A few weeks ago, Merv Knight walked into my office door. Merv is a dear elder brother of mine, in his 80’s now, who lives in Australia. Merv Knight has served our persecuted brothers and sisters for more than 40 years. Perhaps his most important contribution to the work of serving the persecuted was summed up in the recent words of one of VOM’s executives: “Merv Knight has served as a spiritual advisor to us all.”
Merv first became involved in the work of VOM in 1969 when he was part of a group of people who hosted Pastor Richard Wurmbrand in Australia. Richard encouraged the group to begin an Australian-based ministry to the persecuted, and Merv went on to establish that work in partnership with several other Australian believers (I encourage you to watch a fascinating interview with Merv about his 40 years with VOM).
Merv can always be counted on to deliver an uplifting word and that is why he was in my office that day. He was carrying a little book in his hand that he wanted to give to me. It was a book that belonged to Richard, and Merv had uncovered it while going through some boxes in the archives. The book is called "To Die is Gain" and was authored by G. Campbell Morgan.
The book is remarkably interesting, because it provides an insight into a reality which many of our family members have experienced. In our culture, it may be rare for us to reflect on another land, a home beyond the grave, a place where pain and suffering cease and, most importantly, a place where we are able to experience full communion with our Lord Jesus Christ.
One of the reasons this may be true is that our lives here are entirely too comfortable. It reminds me of C.S. Lewis’ example of children playing in the mud in the slums of London who refused a holiday at the beach. They simply couldn't comprehend how wonderful the beach was, and so they turned back to their mud pies.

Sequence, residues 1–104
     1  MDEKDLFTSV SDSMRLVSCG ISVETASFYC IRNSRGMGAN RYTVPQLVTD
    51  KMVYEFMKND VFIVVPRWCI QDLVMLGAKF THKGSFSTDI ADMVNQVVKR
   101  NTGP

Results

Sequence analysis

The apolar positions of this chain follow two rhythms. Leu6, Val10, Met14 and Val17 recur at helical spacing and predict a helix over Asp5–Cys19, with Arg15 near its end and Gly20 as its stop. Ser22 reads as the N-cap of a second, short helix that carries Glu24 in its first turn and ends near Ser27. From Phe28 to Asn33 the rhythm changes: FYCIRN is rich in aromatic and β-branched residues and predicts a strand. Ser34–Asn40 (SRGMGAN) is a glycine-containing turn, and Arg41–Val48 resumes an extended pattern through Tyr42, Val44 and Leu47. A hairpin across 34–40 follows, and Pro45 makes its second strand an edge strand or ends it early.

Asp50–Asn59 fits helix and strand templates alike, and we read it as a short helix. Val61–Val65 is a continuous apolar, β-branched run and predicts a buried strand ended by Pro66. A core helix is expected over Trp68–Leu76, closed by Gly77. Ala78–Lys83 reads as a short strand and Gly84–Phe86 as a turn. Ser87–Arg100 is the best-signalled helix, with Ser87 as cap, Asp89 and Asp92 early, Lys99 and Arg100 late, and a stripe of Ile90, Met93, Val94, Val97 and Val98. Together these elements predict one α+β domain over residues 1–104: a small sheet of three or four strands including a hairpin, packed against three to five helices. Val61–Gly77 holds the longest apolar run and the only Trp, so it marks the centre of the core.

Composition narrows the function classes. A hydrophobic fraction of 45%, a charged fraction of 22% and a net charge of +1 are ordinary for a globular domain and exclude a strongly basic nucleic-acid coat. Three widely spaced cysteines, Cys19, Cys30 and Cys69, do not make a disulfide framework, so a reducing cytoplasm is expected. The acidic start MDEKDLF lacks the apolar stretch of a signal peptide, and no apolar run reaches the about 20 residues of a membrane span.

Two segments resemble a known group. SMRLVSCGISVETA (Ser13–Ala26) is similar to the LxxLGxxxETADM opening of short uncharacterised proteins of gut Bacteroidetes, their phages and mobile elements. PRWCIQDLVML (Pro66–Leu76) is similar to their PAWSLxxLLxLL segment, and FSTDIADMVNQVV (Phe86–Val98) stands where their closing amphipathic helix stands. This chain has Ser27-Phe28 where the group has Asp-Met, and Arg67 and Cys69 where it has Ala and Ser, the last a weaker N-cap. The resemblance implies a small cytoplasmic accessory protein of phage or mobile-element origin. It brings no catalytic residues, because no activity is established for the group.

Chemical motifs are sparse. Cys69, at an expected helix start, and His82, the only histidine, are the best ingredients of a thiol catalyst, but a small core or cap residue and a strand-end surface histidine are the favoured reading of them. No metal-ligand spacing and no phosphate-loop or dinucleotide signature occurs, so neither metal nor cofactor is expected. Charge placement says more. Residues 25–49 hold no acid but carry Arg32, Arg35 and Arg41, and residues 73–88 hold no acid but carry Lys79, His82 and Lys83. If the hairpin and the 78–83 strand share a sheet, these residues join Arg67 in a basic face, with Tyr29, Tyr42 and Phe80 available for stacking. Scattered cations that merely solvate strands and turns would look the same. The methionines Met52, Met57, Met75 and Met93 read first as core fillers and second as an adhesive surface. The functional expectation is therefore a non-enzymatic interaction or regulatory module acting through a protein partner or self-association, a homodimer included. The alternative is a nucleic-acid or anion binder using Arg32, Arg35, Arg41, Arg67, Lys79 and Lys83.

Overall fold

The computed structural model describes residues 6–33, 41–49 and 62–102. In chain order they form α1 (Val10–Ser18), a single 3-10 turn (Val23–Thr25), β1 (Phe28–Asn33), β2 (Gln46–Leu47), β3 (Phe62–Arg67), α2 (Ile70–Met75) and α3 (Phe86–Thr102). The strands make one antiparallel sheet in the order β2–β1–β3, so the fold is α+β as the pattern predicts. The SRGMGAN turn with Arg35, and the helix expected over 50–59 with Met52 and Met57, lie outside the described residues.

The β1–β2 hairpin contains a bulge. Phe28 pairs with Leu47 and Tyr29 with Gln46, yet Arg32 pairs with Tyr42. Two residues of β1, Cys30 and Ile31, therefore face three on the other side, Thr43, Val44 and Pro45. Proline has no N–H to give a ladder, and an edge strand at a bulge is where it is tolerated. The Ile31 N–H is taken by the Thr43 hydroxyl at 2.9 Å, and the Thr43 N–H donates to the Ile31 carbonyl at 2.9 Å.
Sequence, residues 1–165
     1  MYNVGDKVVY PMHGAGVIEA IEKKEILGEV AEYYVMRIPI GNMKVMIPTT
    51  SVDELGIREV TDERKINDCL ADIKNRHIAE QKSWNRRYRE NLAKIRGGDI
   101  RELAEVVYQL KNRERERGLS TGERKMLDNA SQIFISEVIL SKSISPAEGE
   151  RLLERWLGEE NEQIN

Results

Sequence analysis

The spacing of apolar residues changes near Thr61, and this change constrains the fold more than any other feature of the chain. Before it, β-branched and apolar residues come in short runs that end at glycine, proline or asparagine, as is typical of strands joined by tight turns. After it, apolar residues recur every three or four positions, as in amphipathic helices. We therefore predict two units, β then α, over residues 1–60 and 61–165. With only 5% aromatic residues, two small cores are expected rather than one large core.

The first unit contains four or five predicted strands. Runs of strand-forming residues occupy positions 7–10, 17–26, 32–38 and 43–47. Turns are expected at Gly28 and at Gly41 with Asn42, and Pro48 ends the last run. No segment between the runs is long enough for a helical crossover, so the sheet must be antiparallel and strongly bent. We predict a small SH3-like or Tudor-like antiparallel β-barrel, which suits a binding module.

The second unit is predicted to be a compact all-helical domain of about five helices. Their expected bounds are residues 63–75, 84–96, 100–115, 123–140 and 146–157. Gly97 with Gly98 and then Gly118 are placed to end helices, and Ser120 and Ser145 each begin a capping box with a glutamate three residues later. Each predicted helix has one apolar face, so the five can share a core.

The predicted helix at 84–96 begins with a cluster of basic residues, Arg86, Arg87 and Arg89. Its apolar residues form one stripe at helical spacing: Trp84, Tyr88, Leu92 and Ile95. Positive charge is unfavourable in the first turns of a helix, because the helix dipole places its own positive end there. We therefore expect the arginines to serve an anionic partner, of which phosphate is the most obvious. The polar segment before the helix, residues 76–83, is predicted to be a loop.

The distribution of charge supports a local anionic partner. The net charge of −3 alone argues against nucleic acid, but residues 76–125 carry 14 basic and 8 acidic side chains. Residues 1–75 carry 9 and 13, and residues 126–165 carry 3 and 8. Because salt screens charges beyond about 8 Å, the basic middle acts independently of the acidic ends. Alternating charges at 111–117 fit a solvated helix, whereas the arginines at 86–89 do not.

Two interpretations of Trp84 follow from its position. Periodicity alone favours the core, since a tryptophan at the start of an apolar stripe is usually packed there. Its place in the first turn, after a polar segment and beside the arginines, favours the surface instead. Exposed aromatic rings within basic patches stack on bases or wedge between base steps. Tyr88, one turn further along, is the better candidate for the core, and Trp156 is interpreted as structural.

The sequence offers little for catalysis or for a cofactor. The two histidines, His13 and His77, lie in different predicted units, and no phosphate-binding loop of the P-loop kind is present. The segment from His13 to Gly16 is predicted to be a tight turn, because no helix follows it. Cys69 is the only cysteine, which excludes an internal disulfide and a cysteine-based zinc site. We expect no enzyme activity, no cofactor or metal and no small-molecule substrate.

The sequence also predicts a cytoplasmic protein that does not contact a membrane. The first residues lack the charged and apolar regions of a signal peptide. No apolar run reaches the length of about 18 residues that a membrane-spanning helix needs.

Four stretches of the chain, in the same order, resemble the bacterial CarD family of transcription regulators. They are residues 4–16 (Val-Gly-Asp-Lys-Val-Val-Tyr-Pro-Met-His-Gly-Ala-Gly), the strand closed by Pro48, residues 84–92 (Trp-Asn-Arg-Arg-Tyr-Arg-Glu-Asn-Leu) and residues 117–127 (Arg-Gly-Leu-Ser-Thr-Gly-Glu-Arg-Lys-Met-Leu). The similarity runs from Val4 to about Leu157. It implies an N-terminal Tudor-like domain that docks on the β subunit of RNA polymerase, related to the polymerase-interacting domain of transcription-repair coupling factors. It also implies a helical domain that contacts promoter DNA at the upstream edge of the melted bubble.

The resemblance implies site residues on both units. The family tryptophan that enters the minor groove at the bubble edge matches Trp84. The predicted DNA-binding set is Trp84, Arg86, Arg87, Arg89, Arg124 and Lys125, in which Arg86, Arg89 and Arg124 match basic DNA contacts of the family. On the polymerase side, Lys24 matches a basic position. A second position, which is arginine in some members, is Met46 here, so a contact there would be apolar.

Some of the brothers and sisters that I have had the privilege of meeting who are experiencing severe persecution view this life as a shadow, and a very short season. They seem to have a solid grasp on what we call "eternal perspective."
Perhaps this is why the book that Merv gave me that morning from Richard was well worn. Richard suffered consequences from his torture for the rest of his life, and he longed for his heavenly home. He understood the life-giving value of “the long view” better than most.
At the end of Morgan’s book, there is a collection of poems which capture the beauty of our eternal home and the expectation that we have as followers of Jesus Christ.
Here is an excerpt of one of the poems that is especially encouraging, entitled "The Pilgrim’s Song." I encourage you to read it aloud this season and to let its truths think deeply into your soul:
"My rest is in heaven; my rest is not here;
Then why should I murmur when trials are near?
Be hushed, my dark spirit, the worst that can come,
But shortens thy journey and hastens thee home.
It is not for me to be seeking my bliss,
And building my hopes in a region like this:
I look for a city which hands have not piled,
I pant for a country by sin undefiled.
Afflictions may damp me, they cannot destroy;
One glimpse of Thy love turns them all into joy.
And the bitterest of tears, if Thou smile but on them
like dew in the sunshine, grow diamond and gem.
Let doubt then, and danger, my progress oppose;
They only make heaven more sweet at the close.
Come joy, or come sorrow, whate’er may befall,
An hour with my God will make up for it all.
A scrip on my back, and a staff in my hand,
I march on in haste through an enemy’s land.
The road maybe rough, but it cannot be long;
I'll smooth it with hope, and I'll cheer it with song.”
Do we really believe that to die is gain? I pray that God will give each one of us more of an “eternal perspective." May He grant us the faith to cling less and less to this life, and more and more to our heavenly home. Then we will be able to join the apostle Paul in boldly saying, “For to me, to live is Christ and to die is gain” (Philippians 1:21).
Dr. Jason Peters serves in VOM’s International Ministries department, traveling frequently to meet with our persecuted brothers and sisters around the world. Jason and Kimberly have been married for over twenty years, and have five children who are actively engaged in standing with their persecuted family members.